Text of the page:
The AHIP Institute for health insurers kicks off later this week, and it's going to be fascinating to see what a difference a year makes. The 2010 show had an undercurrent of cautious optimism over health reform, and the fact that the Obama administration was taking a serious stab at bending the cost curve was widely applauded ... and supported by speakers from the upper echelons of the America's Health Insurance Plans association and the Beltway insiders who gave the keynotes.

But as I had noted during my coverage of last year's show, the speakers who are in the trenches had a somewhat different take on the sharp ends-insurance exchanges, bundled payments, paying for quality, etc.-of health care reform.

Anna Fallieras, program leader for health care initiatives at General Electric, felt it necessary to tell her audience to avoid irrational exuberance over the move to pay physicians for quality over quantity, noting that GE's health care expenditures had shot up 30 percent in 2009 even with a push for paying for quality over quantity.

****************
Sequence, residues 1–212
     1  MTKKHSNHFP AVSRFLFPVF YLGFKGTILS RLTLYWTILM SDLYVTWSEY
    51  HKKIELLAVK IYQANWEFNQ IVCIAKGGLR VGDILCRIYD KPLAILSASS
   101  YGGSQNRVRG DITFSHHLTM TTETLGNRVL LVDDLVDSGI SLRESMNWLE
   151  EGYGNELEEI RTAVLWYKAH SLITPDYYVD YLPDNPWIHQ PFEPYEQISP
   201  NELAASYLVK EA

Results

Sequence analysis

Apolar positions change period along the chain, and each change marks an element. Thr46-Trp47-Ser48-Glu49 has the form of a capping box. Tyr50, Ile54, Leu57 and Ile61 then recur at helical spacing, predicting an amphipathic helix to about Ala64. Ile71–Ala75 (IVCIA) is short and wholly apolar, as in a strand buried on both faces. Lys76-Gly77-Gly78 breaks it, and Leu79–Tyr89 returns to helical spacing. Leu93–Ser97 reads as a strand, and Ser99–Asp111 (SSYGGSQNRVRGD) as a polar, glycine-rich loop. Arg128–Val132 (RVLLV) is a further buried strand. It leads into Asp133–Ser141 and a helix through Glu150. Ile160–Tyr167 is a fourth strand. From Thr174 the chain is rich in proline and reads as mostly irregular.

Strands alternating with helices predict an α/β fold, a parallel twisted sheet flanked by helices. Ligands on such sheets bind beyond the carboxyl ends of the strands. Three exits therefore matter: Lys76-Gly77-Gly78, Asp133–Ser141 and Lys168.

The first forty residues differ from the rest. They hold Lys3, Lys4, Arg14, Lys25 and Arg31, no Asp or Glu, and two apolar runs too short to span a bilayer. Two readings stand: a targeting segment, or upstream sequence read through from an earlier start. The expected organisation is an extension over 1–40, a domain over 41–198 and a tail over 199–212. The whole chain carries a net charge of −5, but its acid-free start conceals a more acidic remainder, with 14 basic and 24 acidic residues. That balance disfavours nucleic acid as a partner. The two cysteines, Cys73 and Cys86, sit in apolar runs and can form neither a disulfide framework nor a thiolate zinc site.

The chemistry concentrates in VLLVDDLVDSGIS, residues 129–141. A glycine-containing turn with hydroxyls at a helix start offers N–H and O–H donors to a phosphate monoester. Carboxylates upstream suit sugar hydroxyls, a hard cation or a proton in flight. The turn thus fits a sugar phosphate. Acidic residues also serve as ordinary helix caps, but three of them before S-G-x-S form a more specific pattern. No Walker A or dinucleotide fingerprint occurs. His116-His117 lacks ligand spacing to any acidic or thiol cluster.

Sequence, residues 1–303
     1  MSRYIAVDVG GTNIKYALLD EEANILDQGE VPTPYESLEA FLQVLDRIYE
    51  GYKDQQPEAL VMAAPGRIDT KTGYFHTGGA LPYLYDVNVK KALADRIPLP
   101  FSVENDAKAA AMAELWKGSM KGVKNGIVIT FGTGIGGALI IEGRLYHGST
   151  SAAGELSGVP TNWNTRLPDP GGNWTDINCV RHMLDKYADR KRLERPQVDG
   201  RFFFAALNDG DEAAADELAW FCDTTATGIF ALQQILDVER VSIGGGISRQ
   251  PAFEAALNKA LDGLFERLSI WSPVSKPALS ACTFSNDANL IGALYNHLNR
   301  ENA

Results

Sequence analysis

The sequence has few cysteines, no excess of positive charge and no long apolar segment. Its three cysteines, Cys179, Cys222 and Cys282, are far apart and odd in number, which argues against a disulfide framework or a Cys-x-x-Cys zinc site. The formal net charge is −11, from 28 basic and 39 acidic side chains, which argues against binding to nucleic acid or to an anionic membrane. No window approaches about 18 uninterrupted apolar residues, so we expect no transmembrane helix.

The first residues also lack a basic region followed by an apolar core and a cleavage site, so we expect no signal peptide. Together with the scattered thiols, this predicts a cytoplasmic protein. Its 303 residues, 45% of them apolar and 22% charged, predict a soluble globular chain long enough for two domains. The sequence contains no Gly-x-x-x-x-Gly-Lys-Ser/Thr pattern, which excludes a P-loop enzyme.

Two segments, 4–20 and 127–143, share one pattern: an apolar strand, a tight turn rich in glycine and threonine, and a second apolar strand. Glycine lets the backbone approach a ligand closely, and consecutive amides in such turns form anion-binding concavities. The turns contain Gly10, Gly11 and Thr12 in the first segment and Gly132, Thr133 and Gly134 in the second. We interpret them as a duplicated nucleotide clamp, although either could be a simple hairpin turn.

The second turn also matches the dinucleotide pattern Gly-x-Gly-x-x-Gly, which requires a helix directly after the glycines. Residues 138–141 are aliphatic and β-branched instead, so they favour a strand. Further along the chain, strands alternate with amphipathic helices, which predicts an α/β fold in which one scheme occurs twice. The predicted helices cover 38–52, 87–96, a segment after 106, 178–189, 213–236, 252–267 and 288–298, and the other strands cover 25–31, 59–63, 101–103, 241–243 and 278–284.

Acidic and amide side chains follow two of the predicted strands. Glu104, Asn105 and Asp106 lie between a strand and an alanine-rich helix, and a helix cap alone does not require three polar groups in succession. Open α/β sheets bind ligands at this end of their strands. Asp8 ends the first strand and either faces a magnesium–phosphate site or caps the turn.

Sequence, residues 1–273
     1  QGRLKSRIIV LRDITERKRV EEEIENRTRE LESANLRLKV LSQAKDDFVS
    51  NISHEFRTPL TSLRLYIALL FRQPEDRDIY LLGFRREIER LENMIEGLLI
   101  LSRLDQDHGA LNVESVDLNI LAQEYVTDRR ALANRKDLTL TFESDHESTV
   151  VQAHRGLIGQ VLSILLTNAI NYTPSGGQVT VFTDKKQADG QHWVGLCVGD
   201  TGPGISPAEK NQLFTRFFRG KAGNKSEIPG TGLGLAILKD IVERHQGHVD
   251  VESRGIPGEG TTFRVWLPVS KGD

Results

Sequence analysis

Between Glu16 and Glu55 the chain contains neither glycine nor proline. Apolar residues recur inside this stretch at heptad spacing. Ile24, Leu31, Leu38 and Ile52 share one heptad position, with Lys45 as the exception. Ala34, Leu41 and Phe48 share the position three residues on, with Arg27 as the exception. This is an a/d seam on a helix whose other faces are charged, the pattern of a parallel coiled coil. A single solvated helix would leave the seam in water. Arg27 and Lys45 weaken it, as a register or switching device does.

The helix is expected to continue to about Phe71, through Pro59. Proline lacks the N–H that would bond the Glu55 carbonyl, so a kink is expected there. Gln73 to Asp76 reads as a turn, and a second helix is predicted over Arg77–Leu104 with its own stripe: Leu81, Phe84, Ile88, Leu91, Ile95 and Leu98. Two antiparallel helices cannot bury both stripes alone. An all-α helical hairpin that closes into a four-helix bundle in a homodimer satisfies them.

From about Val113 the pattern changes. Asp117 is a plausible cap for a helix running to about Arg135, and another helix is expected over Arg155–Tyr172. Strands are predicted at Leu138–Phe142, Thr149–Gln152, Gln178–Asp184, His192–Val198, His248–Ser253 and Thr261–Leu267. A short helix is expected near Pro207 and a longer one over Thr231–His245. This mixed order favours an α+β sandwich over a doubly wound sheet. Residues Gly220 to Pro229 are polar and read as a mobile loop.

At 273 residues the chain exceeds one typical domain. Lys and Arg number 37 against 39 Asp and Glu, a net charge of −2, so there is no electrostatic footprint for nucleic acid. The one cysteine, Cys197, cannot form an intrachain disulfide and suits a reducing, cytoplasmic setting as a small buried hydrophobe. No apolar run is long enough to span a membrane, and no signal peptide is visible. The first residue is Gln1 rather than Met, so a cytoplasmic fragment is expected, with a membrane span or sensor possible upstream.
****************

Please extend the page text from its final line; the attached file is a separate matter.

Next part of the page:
And Andrew Baskin, M.D., the national medical director of quality and provider performance measurement at Aetna, spoke about how bundled services/payments in theory was great, but in practice was opening a big can of worms, noting that to make bundled payments work requires multi-payer and commercial/CMS collaboratives that provide standard incentives and processes to incentivize providers to make the required investments in I.T. and other areas to support the model. (Baskin will be tackling that same topic during a June 28 Web seminar hosted by HDM.)

I'm interested to see what the takeaways will be from this year's show. I don't expect irrational exuberance, but I do expect some blunt talk about how to salvage aspects of health reform and make some of the programs born from the fevered dreams of our political leaders work in the real world. Stay tuned.

 

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